he 90-mile-per-hour fast ball left the pitcher's hand like a bullet from a rifle barrel and an instant later slammed into the catcher's mitt with a loud thwack. The batter, who had watched the blur sail past him, turned to the umpire and asked, "Well, what is it?" The umpire raised himself from his half-crouch behind the catcher, adjusted his face mask, dusted off the knee of his trousers, and said to the impatient batter, "It ain't nothin' until I call it."
That umpire exemplifies one of the major reasons for leadership, something management experts call "defining reality." Leaders help people understand and make sense of their circumstances. They are successful to the degree that people trust their judgment and have confidence in the accuracy and integrity with which they define reality.
Leaders Can Be Wrong
As the current political scene shows all too well, a single event or set of circumstances can be interpreted differently depending on the perspective of the interpreter. Different presuppositions and agendas lead to different conclusions and explanations. Different definitions of sociopolitical reality lead to multiple political parties.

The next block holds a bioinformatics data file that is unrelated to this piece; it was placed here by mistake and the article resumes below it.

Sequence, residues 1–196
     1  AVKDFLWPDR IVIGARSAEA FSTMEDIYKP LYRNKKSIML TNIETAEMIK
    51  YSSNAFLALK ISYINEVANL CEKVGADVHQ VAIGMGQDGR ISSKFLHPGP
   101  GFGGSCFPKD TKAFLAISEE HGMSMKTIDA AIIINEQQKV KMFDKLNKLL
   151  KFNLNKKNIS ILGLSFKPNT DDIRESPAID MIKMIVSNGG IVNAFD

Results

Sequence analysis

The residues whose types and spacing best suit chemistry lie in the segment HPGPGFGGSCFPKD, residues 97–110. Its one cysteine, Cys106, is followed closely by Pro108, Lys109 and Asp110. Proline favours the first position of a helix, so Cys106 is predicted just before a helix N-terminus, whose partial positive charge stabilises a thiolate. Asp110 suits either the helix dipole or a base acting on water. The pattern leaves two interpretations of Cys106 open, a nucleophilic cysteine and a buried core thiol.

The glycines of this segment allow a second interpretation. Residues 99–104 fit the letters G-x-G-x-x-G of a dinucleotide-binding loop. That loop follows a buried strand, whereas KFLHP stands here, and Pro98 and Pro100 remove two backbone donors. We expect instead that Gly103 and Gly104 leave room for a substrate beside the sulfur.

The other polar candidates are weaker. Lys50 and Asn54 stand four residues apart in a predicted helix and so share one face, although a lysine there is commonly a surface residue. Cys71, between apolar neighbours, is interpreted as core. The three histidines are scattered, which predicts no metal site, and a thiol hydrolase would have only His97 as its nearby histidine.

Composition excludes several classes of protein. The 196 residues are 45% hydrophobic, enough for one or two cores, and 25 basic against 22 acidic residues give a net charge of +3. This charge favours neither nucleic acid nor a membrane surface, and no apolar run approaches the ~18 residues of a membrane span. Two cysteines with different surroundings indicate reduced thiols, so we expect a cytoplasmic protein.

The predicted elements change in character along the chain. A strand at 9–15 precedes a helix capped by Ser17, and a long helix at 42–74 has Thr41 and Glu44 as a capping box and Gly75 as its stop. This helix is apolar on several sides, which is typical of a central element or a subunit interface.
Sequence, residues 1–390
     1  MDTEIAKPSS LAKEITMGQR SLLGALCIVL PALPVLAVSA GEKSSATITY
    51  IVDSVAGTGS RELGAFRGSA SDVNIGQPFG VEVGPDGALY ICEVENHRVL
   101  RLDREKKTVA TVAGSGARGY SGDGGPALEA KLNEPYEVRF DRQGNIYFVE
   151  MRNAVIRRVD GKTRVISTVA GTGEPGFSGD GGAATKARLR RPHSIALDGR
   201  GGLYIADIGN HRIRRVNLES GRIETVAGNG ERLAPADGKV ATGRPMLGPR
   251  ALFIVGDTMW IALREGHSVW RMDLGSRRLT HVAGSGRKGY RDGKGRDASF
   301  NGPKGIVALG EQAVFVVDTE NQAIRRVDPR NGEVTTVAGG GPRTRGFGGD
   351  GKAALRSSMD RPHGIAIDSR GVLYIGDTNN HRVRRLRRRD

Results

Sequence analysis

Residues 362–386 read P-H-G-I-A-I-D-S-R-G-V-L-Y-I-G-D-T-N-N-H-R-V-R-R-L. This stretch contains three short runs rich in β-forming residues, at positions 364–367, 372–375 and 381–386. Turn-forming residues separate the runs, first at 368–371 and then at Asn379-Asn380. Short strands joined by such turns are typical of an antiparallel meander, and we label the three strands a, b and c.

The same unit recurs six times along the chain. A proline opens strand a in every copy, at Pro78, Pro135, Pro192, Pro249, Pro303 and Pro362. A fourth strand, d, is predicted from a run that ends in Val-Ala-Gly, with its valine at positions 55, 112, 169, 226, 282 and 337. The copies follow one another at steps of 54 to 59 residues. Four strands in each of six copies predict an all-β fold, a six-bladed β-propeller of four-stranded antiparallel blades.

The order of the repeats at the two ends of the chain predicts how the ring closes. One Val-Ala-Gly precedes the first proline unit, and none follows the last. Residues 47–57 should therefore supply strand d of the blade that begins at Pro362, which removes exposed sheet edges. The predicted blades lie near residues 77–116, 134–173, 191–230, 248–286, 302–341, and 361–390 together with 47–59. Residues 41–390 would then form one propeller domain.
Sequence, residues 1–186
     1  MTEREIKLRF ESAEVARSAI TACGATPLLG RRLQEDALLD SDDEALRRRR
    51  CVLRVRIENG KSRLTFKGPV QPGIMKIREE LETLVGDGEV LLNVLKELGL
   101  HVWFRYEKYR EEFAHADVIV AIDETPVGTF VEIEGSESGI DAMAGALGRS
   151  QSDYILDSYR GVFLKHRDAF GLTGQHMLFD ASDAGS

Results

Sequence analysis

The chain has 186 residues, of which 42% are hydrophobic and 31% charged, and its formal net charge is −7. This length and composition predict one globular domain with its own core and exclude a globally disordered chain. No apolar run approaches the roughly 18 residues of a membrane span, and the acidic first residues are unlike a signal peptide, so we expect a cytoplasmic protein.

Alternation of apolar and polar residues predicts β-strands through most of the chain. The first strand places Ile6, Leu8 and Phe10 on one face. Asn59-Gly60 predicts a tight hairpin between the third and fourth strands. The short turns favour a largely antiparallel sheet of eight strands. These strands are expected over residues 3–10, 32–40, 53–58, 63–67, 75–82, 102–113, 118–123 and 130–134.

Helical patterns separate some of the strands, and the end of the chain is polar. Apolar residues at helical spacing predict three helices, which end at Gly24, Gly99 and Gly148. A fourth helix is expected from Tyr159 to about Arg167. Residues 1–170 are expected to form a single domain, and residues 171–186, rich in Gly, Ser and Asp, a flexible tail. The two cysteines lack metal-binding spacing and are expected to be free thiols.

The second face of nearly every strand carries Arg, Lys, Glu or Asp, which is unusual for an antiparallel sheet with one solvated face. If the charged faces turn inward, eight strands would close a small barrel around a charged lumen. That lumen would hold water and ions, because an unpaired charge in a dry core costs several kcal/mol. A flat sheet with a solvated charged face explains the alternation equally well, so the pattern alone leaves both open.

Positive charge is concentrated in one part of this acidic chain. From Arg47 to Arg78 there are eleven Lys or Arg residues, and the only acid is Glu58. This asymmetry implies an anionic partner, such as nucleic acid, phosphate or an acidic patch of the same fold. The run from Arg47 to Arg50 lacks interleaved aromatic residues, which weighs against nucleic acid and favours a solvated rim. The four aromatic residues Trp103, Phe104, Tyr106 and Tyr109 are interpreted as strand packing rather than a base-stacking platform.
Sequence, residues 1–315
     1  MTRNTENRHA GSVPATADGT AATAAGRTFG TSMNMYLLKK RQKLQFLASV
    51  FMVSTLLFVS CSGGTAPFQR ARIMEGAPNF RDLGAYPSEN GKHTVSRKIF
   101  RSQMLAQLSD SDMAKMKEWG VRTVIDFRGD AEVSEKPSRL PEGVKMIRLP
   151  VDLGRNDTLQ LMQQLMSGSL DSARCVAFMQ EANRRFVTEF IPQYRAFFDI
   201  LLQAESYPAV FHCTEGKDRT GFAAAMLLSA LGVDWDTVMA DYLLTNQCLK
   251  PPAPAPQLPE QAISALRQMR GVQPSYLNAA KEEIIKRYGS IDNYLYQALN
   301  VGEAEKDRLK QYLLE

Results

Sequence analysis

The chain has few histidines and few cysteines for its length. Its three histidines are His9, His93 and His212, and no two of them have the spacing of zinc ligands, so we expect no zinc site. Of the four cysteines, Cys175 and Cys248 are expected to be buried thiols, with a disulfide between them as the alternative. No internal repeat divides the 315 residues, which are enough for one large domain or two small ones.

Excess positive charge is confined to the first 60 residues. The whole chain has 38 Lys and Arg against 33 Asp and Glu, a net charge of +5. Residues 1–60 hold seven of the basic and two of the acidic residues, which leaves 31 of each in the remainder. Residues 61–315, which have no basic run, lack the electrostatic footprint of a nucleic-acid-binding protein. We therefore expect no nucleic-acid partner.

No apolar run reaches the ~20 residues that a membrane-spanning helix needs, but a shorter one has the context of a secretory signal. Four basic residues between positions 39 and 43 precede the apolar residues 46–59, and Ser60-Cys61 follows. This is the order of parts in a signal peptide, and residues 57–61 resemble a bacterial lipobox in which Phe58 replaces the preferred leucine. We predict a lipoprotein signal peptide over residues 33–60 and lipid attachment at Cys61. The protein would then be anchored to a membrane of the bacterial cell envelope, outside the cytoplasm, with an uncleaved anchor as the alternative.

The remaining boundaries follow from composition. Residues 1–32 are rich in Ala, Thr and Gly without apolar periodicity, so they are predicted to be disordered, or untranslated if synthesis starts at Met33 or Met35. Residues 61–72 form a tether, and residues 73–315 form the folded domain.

Different definitions of metaphysical reality produce a variety of religions. Different definitions of spiritual reality within the framework of Christianity result in the proliferation of denominations.
When individuals or parties or movements offer different definitions for the same reality, they cannot all be right. Some are demonstrably wrong. Handling frogs does not cause warts. The sun does not revolve around the earth. Leninist socialism does not work. Still, each of these notions had its advocates, and none was easily dispelled. Entrenched assumptions are difficult to uproot, especially when they are advanced by respected leaders. Respected leaders can be wrong, however, and their definitions of reality misguided. In that case, those who recognize the error are obliged to point it out, and the greater the consequences of the error, the greater the obligation upon the reformers.
Those who challenge prevailing assumptions are seldom popular, at least at the beginning. Their motives are impugned, their ideas maligned. Any hope of displacing error with truth requires perseverance, sometimes in the face of shrill opposition. The Anabaptist movement of the sixteenth century began with the conviction that leaders such as Luther and Zwingli had inaccurately defined the reality of the church and Christian discipleship. The Anabaptists believed that the consequences of that error were enormous: superficial faith, anemic witness, and a church devoid of spiritual power. They had to speak up, even at the risk of their lives.